Hong Kong City Guide

Hong Kong is a city, and former British colony, in southeastern China. Vibrant and densely populated, it’s a major port and global financial center famed for its tower-studded skyline.

Hong Kong Guide

It’s also known for its lively food scene – from Cantonese dim sum to extravagant high tea – and its shopping, with options spanning chaotic Temple Street Night Market to the city’s innumerable bespoke tailors. Hong Kong consists of three regions: Hong Kong Island, Kowloon, and the New Territories.

Hong Kong by Night

Hong Kong by Night

Hong Kong enjoys a high degree of autonomy, as its political and judicial systems operate independently from those of mainland China. Hong Kong’s legal system is completely independent from the legal system of mainland China. In contrast to mainland China’s civil law system, Hong Kong continues to follow the English Common Law tradition established under British rule.

As one of the world’s leading international financial centres, Hong Kong has a major capitalist service economy characterized by low taxation and free trade. The currency, Hong Kong dollar, is the eighth most traded currency in the world.

Hong Kong Transport

Hong Kong’s transportation network is highly developed. Over 90% of daily travels (11 million) are on public transport, the highest such percentage in the world.

The main forms of transportation on Hong Kong are:

  • Subway – the MTR has 4 lines that run through most of Hong Kong and Kowloon. MTR has a zone based fare system (like that of Washington DC’s Metro) so you pay according to how far you are going. Fares tend to run about HK$5-HK$20, none of which are more than $5 US. Best choice for those who don’t know their way around, as all stops are clearly marked.
  • Bus -there are several different bus companies in Hong Kong and several types of buses. On Hong Kong island there’s Citybus (which runs a fleet of mostly airconditioned doubledecker buses) and probably a few smaller operators. In Kowloon there’s Kowloon City Bus (much like Citybus) and several light bus operators. Fares for the bus are also zone based, and tend to be fairly cheap-Usually less than $2 US. Express buses are always more expensive than non-express. Choice of destinations can be slightly bewildering so if you need help, ask someone on the bus. For a hair-raising ride, ride a double decker bus through the mountains on Hong Kong Island…all the fun of a roller coaster at a bargain price.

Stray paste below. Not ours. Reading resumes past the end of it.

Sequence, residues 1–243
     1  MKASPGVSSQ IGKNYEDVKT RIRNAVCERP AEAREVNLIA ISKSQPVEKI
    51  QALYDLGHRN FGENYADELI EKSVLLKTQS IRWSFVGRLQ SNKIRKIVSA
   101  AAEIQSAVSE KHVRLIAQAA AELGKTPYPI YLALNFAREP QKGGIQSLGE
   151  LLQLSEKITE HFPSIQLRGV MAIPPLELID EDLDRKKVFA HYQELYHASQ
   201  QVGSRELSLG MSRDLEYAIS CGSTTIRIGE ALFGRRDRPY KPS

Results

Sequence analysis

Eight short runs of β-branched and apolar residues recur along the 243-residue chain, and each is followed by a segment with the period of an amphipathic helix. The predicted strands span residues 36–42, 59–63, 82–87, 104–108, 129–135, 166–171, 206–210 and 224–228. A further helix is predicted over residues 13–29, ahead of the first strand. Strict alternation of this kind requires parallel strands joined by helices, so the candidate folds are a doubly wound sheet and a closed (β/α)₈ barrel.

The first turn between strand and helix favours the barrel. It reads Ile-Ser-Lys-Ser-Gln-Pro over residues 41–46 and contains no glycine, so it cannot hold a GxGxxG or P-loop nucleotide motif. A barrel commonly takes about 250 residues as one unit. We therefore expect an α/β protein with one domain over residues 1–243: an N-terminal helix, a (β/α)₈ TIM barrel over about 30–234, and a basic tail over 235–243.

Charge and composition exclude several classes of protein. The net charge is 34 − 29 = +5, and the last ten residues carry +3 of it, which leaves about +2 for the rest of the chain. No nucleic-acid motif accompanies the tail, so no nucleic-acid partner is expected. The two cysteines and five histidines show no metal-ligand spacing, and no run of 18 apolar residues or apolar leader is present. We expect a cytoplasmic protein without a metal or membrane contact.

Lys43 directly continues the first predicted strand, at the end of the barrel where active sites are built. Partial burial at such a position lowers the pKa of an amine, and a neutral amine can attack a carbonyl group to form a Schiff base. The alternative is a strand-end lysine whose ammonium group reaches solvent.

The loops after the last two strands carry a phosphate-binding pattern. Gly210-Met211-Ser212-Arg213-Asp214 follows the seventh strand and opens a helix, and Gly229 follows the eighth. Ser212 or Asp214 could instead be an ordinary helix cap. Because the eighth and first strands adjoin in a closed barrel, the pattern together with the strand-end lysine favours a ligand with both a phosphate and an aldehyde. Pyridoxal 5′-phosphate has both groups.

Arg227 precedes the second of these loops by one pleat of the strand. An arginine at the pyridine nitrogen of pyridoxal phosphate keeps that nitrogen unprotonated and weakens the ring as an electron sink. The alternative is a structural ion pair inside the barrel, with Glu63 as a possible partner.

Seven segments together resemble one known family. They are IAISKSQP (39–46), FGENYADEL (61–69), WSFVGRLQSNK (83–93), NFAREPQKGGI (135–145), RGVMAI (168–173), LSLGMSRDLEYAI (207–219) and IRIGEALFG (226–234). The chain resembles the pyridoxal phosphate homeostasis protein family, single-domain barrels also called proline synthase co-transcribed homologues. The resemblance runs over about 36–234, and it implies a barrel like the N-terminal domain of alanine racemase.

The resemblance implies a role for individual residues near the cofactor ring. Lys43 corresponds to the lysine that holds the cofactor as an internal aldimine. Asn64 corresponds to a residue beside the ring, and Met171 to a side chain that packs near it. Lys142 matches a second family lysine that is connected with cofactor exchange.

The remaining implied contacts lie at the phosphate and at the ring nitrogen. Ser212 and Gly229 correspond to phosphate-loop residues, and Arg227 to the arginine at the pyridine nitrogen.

• Tram – there’s a double decker electric tram (trolley car) that serves almost all of Hong Kong island. While slow and unairconditioned, it’s very cheap HK$2 for adults, and a great way to see almost all of Hong Kong island while sitting down and rolling along 2 stories above the street. Avoid during rush hour as there will be nowhere to sit.
  • Ferries – Will take you across the harbor between Hong Kong and Kowloon. Between Hong Kong and Kowloon are the Star Ferry (which is HK$2.20 on the upper deck, and $1.20 on the commuter’s deck), and a few Hoverferry services which are faster, and cost about HK$4. Ferry services to the islands and Macau can be found in Kowloon and Hong Kong. In Hong Kong go to Sheung Wan (Shun Tak Center-for the jetfoils to Macau) and the ferry piers to outlying islands. Here you can get a ferry to almost anywhere for about HK$10 on weekdays, HK$14 on weekends. Helpful hint – don’t go on weekends as both the ferries and the islands will be crowded.
  • Electric train – The KCR railroad goes from Kowloon to Mainland China and the New Territories. It works a lot like MTR and fares are similar although a bit higher since you are traveling much further in general. To get to the KCR, take the MTR to Kowloon Tong where the MTR intersects with the KCR line.
  • Lightrail – there is a lightrail service between New Cities, and various parts of the New Territories.
Taxis in Hong Kong

Taxis in Hong Kong

  • Taxi – if you absolutely don’t know your way around, or are carrying around a lot of luggage, you may find yourself needing a taxi. Taxis are widely available and relatively cheap compared to most of the rest of the world. They are metered and flagfall starts at HK$15. Be warned though, most taxi drivers speak almost no English so have your destination written in Chinese by a concierge or a friend or you might be taken somewhere other than where you had in mind.
  • Water Taxi – these can be found in areas with Harbors. Most are intended to ferry people living in sampans to shore. Some will take you out to the floating restaurants in Aberdeen, on harbor tours, and some even go to small outlying islands. These in general are only recommended for people who speak Cantonese as it is relatively unlikely you will be able to communicate to the operator where exactly you want to go if you can’t.

This is just an introductory guide to public transportation in Hong Kong. To find more info you can go to the MTR, KCR, KMB (Kowloon Motor Bus), CMB (China Motor Bus) and Star Ferry websites which will give you fares and precise route maps.

Hong Kong in 4 minutes